"Historically, our industry has brought products to market based on testimonials until the regulatory bodies,such as the FTC, began taking actions against certain products," said Bibiane Zakaria, director of sales and client services for KGK Synergize, a contract research organization (CRO) that conducts clinical trials for clients. "The right way is to do the science first and let the findings guide what you can say on your product. Our industry does not invest what's needed or required when researching their products. I have definitely seen an improvement over the last four years, but we still have a long way to go."
Bad science abounds
Often, a company will pirate science that other companies conduct on similar or even the same ingredient, sometimes without a close look at that study. Even when research studies are well designed and the results are positive, marketers still make claims that do not realistically align with what the research says. Beyond that, too many companies will release a product with the same ingredient but not the same dosage that the research has shown to be efficacious.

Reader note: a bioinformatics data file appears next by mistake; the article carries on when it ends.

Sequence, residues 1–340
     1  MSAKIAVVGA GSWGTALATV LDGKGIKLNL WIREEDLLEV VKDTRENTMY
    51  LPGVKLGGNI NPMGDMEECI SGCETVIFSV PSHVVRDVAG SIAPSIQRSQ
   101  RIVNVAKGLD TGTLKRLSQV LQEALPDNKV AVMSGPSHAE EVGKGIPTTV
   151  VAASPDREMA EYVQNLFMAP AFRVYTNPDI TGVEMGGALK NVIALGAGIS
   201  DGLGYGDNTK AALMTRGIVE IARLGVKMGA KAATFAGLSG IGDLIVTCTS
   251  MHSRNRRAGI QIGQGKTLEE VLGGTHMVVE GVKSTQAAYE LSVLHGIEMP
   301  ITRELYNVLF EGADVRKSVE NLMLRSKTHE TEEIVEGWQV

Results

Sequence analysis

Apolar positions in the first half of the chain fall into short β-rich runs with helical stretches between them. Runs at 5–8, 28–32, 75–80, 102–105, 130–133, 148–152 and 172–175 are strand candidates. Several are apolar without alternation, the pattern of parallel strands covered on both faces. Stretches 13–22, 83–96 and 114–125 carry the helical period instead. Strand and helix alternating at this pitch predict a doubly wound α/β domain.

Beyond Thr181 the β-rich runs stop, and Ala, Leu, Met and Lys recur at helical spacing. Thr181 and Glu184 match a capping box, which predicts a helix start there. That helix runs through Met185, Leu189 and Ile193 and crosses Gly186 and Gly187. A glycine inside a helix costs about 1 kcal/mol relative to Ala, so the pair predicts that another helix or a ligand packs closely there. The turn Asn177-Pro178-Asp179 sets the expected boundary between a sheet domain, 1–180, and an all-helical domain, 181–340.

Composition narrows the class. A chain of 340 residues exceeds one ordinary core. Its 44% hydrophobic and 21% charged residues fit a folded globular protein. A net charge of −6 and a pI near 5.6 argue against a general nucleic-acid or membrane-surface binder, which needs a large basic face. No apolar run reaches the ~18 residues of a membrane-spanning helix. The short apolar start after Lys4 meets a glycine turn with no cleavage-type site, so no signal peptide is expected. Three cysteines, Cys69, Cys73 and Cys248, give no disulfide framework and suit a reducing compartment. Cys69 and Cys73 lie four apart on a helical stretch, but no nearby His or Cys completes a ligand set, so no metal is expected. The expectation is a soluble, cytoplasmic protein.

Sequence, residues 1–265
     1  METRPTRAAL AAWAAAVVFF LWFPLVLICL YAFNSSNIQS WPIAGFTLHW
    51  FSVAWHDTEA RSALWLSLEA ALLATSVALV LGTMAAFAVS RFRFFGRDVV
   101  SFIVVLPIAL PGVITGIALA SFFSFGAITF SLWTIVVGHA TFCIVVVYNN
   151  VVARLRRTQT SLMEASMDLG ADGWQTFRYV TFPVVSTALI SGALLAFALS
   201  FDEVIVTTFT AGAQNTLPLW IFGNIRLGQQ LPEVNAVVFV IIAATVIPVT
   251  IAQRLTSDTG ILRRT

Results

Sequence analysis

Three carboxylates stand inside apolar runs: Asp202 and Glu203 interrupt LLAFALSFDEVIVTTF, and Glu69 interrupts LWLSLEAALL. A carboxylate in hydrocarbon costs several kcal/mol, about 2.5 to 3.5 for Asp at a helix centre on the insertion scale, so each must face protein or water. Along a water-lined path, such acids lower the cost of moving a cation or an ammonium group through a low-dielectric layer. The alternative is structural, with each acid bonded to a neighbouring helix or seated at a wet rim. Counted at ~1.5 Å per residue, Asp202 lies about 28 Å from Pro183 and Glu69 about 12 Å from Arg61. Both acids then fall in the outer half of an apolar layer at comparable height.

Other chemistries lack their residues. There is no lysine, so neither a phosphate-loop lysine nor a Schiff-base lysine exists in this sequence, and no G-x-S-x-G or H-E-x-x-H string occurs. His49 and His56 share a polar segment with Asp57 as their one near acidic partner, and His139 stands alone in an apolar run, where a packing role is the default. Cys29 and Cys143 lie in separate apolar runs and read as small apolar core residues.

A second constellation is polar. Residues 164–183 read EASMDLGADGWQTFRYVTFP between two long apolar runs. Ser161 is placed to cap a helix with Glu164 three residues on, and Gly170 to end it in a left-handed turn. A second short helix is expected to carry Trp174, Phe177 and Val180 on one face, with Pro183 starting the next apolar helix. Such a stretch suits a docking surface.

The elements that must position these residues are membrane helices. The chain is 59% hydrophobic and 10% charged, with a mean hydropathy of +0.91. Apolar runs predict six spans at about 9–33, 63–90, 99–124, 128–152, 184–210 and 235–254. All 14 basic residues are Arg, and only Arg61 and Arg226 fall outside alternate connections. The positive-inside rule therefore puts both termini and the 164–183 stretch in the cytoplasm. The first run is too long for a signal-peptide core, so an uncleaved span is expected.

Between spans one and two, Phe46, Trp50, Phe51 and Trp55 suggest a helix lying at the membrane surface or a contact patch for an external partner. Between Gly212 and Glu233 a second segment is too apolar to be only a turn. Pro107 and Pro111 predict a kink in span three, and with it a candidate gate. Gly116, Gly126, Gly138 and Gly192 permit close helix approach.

About 10 percent of companies exhibiting at Natural Products Expo West and East run afoul of New Hope standards, which are crafted to align with federal regulations around proper claims-making rules. (Disclosure: NBJ is part of New Hope.) The New Hope Standards Department carefully vets every exhibitor at Natural Products Expos and every advertiser for any New Hope publication or website for the claims they make.